You Asked For It...

So the association has claimed they revitalized the documents.  They touted the approval by the Department of Economic Opportunity as proof of their validity and they mailed out packets with their supposed revitalized restrictions.  So what does this mean exactly?

Nothing!

While they jumped through all the bureaucratic hoops the DEO doesn't do a detailed analysis of the documents they are presented with.  The association provided them with a set of covenants and restrictions and that was that.  The department rubber-stamped what they were given because what they were given looked official.  While the department reviews the information given to them, they do not research them.  When they were informed that the association did not provide them with all of the legally-required documentation they stated that they would not change their determination.

Statute 720.406 states the following:

Department of Economic Opportunity; submission; review and determination.—
(1) No later than 60 days after the date the proposed revived declaration and other governing documents are approved by the affected parcel owners, the organizing committee or its designee must submit the proposed revived governing documents and supporting materials to the Department of Economic Opportunity to review and determine whether to approve or disapprove of the proposal to preserve the residential community. The submission to the department must include:
(a) The full text of the proposed revived declaration of covenants and articles of incorporation and bylaws of the homeowners’ association;
(b) A verified copy of the previous declaration of covenants and other previous governing documents for the community, including any amendments thereto;

The association didn't provide the original restrictions that everybody's properties were subject to.  Instead, they provided the state with only their amended version that were not in the chain of title.  Not only that, they included an amendment that forced membership into their club and granting themselves legal authority over the neighborhood.  There are several problems with this.  First, the association should not have been allowed to file for revitalization in the first place because they are not a true mandatory association.  Their amendment that they allege to be official forces membership but has conditions attached.  While this would mean they couldn't file under MRTA requirements, there is also the vague last part of Statute 712:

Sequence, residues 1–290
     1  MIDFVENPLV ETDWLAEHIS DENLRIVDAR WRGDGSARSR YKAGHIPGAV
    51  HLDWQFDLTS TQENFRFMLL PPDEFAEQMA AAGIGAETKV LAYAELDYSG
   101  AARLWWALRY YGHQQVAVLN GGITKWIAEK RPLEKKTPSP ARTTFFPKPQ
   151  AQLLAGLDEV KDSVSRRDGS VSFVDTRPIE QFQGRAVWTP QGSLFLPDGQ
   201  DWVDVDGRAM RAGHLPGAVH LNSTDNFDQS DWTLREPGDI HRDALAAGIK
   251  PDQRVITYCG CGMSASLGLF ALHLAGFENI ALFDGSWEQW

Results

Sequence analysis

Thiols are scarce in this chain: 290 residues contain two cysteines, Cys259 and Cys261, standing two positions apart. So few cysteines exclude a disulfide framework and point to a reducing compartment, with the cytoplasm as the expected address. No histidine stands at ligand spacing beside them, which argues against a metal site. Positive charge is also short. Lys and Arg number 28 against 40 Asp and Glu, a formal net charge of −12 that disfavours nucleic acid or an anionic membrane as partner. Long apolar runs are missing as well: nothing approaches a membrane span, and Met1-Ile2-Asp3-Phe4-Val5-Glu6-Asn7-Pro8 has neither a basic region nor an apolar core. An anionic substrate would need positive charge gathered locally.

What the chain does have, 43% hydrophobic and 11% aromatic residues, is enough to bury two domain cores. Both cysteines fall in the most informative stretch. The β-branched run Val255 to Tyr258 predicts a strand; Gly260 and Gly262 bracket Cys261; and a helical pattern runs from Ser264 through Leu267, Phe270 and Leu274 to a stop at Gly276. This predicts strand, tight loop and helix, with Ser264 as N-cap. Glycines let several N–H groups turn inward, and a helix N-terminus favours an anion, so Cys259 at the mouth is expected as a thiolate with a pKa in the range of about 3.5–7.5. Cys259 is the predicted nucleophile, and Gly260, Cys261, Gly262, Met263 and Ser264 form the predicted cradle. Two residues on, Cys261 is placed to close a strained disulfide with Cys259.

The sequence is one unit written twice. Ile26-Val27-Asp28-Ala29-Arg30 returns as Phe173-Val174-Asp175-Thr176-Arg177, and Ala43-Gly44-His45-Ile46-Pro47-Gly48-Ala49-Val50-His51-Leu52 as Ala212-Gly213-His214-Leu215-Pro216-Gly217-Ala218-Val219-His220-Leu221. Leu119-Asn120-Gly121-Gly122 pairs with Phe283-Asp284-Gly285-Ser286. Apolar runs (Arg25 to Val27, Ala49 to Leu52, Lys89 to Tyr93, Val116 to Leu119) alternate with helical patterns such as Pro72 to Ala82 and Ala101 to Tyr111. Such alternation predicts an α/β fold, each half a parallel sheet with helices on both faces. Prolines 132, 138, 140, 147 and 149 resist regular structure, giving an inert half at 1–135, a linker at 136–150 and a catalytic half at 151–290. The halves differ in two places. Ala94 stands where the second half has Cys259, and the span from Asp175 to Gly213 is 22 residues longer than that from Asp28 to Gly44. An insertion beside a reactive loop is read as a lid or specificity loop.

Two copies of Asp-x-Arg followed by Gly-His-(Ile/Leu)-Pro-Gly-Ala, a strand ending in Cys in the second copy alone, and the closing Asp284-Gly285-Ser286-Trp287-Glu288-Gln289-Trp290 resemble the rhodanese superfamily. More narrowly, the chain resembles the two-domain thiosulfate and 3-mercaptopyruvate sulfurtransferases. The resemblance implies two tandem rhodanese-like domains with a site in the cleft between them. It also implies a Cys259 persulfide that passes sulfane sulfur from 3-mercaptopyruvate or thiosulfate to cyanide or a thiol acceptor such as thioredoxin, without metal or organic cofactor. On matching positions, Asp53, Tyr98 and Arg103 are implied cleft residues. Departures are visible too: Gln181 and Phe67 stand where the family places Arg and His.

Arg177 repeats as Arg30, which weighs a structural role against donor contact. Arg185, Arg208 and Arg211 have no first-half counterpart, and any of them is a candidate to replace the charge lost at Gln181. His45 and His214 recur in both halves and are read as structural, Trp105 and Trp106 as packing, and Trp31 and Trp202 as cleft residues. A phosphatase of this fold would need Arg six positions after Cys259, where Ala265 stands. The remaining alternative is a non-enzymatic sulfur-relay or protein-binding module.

712.11 Covenant revitalization.—A homeowners’ association not otherwise subject to chapter 720 may use the procedures set forth in ss. 720.403-720.407 to revive covenants that have lapsed under the terms of this chapter.

This section requires the association to be defined as such under Statute 720.  Now if they do not meet the definition set forth in 720 - as in being a mandatory association - then there is another condition that needs to be met, being they must possess authority to enforce the restrictions.  This leads to the reason why the DEO approved their documents - there is significant legal precedence in the State of Florida that require any such change in scope of a neighborhood, specifically granting an association enforcement authority and requiring membership and forced assessments, requires the full approval of the affected parcel owners.  That is because making such changes are consider legally unreasonable and significantly restrict a lot owners use of their property.  The association didn't do this 15 years ago.  While the papers they submitted to the state said they possessed enforcement authority, in reality they did not.  You can file anything you want with the county or state and they will take it without any question.  The DEO looked at what they were given and nothing more.  They didn't look at the original declaration of covenants and restrictions, they didn't look at the methods the club used to present themselves as the official mandatory association, and they sure as hell didn't look at MRTA-related judicial rulings.

So where does that leave the neighborhood?

The association would like you to believe that leaves you in their hands but in reality that leaves you and your property in a kind of legal limbo that will most likely end up in a costly legal battle.  A common caution on this site is the risk of liability and their most recent newsletter demonstrates why having a corporation in charge of your property rights run by amateur volunteers is a bad idea.

The most recent newsletter stressed the importance of following trash receptacle storage... unless you present them with some sort of hardship so they can grant a variance, which is a thing that is not permitted by those documents they claimed to love so much that they wanted revitalized.

They warned homeowners not to park cars over the grass of their own lawns.  This rule came out of nowhere.  It is not found in their declaration they gave the state and it is certainly not found anywhere else yet the association has decided they can now make up rules out of thin air.

What's next?  Demanding homeowners get permission to re-roof their house thus bringing it up to code?

Oh, wait.  They have done that too even though they do not possess the authority of architectural control.

These things seem minor, but does it seem minor when the association tries to take away your home because of something like not putting your trashcan in the right spot or where you park your car?  Sure they have no lien rights but that hasn't stopped them in the past.

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